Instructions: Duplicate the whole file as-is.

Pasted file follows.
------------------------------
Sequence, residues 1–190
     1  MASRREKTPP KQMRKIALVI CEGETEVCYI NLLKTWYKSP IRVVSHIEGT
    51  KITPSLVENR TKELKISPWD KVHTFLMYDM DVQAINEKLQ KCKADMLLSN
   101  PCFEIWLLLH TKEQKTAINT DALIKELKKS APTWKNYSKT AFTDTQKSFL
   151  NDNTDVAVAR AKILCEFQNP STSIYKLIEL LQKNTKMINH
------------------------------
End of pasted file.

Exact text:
Sequence, residues 1–190
     1  MASRREKTPP KQMRKIALVI CEGETEVCYI NLLKTWYKSP IRVVSHIEGT
    51  KITPSLVENR TKELKISPWD KVHTFLMYDM DVQAINEKLQ KCKADMLLSN
   101  PCFEIWLLLH TKEQKTAINT DALIKELKKS APTWKNYSKT AFTDTQKSFL
   151  NDNTDVAVAR AKILCEFQNP STSIYKLIEL LQKNTKMINH